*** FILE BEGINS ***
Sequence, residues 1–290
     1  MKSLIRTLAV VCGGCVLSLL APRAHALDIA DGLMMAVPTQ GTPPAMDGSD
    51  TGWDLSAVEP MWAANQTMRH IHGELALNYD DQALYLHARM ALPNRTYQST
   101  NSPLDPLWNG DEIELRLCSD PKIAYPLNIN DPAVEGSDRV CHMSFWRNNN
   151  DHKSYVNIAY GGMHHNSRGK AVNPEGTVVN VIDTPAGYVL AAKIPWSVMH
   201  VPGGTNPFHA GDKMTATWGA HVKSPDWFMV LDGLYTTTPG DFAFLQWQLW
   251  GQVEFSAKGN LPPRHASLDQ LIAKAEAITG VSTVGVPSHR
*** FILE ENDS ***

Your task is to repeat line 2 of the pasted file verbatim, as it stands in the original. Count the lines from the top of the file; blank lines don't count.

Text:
     1  MKSLIRTLAV VCGGCVLSLL APRAHALDIA DGLMMAVPTQ GTPPAMDGSD